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Zimbabwe system protects criminals, says Chihuri

by Innocent Ruwende
23 Apr 2016 at 12:58hrs | Views
Police Commissioner-General Dr Augustine Chihuri has claimed "the system" is protecting criminals who are destroying the economy.

Comm-Gen Chihuri said there were criminals who were able to buy their freedom and were protected by the State. He made the remarks yesterday during an address to the University of Zimbabwe Creative Writing Press Club where he presented a paper on pre-colonial and post-colonial policing challenges.

"ZRP will continue to employ all the legal instruments at its disposal to enforce discipline. We are firing officers who are engaging in petty crimes some of which involve as little as $2," said Comm-Gen Chihuri. "However, police corruption is not the one that has destroyed the nation. There are some criminals who are protected by the 'system'. They have so much money to corrupt the whole belt," he said.

Comm-Gen Chihuri claimed that during the Zimbabwe dollar era, there was a businessman who went to the United States with US$24 million, which he used to buy a private jet. He said the businessman then returned home, but died before the aircraft could be delivered.

Comm-Gen Chihuri said efforts by Government to recover either the money or the jet have hit a brickwall. "We were told that this was a business arrangement by an individual and where do you fit in as a Government?" he said.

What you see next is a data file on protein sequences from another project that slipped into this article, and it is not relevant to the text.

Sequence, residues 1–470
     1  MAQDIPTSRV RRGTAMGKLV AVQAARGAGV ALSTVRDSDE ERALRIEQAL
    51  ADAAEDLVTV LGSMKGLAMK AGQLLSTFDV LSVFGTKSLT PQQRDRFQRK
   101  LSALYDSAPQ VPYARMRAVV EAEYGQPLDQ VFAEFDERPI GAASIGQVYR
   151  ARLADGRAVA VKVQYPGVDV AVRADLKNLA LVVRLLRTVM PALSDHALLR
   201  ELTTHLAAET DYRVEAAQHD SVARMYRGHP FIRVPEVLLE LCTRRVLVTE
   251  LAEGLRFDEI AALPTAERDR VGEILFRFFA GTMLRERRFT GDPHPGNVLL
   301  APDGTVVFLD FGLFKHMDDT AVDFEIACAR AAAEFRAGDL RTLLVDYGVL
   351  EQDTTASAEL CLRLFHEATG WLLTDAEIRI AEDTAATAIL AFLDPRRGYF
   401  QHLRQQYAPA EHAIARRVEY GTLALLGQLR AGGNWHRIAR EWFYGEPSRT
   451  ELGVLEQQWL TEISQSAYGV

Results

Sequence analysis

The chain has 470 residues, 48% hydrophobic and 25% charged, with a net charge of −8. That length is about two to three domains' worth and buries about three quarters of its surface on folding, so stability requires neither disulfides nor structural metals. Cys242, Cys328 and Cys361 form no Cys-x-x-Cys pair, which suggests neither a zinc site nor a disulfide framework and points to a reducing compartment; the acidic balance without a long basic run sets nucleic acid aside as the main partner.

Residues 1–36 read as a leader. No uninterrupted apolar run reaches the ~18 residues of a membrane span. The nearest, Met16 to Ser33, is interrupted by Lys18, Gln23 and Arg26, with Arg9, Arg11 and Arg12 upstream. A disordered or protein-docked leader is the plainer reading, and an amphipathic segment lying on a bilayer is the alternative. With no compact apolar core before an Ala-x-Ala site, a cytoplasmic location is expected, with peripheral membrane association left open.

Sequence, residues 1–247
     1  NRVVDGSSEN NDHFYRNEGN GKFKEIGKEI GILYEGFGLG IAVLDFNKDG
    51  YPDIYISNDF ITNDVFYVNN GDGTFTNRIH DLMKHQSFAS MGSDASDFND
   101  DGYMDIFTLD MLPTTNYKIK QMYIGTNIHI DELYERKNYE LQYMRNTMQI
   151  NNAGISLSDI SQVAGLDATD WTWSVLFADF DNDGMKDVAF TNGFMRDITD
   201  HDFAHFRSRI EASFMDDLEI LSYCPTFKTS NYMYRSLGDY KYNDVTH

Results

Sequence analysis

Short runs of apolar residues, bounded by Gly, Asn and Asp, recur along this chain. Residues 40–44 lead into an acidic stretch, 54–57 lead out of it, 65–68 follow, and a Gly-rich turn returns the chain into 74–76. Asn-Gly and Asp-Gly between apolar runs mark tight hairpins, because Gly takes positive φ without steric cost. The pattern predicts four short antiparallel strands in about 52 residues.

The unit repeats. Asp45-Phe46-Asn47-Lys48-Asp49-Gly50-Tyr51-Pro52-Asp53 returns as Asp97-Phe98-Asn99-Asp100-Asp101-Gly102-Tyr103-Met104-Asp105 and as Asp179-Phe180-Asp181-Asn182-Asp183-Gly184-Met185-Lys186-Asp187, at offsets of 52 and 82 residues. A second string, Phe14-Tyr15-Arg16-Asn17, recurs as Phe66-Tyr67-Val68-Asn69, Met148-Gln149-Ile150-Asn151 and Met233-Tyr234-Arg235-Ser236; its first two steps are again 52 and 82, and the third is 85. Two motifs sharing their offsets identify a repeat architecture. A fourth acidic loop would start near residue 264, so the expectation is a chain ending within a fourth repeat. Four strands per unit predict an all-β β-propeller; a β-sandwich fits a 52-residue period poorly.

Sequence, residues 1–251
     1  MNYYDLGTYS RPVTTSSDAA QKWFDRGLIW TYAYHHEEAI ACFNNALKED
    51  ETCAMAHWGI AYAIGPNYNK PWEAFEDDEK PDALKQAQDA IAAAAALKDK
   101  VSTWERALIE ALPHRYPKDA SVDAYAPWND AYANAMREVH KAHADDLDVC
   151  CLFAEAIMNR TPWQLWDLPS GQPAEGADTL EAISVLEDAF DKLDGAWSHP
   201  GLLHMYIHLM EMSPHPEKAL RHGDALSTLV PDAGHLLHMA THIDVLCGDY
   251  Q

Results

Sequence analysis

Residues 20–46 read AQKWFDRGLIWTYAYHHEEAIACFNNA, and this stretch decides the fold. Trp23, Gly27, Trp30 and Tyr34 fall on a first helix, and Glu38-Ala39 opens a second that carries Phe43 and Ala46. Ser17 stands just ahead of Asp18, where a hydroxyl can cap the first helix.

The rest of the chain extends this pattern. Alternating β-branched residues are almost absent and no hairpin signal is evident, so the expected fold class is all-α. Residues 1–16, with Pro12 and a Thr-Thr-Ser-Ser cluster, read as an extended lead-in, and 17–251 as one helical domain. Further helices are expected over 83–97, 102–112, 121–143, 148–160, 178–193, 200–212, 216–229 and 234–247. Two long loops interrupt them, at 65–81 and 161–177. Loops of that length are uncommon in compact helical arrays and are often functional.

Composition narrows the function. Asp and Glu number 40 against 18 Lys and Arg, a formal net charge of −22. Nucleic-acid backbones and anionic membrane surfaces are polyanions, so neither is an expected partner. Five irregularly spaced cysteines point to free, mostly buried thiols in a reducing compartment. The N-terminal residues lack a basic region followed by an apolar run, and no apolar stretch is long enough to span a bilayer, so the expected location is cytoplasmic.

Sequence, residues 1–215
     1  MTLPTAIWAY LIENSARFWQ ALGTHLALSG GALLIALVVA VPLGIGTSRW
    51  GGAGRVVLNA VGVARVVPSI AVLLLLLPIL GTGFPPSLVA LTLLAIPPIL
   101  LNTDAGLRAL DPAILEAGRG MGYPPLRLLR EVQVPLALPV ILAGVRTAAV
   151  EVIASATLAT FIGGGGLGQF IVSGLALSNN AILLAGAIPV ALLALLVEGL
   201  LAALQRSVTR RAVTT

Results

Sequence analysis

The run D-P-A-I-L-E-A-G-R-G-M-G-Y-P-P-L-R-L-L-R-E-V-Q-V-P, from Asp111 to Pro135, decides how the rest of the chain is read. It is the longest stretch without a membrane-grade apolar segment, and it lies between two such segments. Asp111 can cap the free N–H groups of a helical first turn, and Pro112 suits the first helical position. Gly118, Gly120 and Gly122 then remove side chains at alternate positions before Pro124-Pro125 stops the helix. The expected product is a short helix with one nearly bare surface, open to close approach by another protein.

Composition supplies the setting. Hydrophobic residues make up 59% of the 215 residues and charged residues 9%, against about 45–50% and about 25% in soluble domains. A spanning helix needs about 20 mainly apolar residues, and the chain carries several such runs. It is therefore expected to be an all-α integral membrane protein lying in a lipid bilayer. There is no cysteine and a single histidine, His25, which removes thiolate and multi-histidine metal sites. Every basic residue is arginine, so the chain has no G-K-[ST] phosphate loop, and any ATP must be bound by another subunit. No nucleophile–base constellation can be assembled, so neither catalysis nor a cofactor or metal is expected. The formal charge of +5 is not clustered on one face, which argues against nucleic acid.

He said Western countries did not have a problem if a Zimbabwean took money to their countries, but raised allegations of money laundering once there was an attempt to take money out of their countries.

Comm-Gen Chihuri, responding to questions on corruption in the police, urged Zimbabweans to desist from bribing police officers saying it takes two to engage in corrupt activities. He said there were also habitual criminals roaming the streets because they used their experience to evade the law. "We want to handle such criminals once, but these criminals know the field too much and they use their experience.

"Even the judges know them because they appear before them too often. "These criminals conduct mock trials at prison and they even tell others which lawyers to hire and those to avoid," he said. Comm-Gen Chihuri said there was also corruption at the courts and people were at times acquitted because of technicalities.

He claimed police officers were treated like accused persons, with magistrates sometimes asking them too many questions in a bid to find loopholes to justify the acquittal of accused persons. "Criminals and lawyers know the way out. They know the procedures, so they do not base their arguments on facts and people are acquitted on technicalities," he said.

"If I go to court, the magistrate may be busy and if something happens — corruption. The magistrate will ask 52 questions and the policeman will be like the accused person," he said. Comm-Gen Chihuri said some of the challenges faced by the police related to political activism.

In the past, he said, "rulers were not changed like clothes, but today everyone wants to be there. It was known that chiefs rule until they die," he said.

Source - the herald
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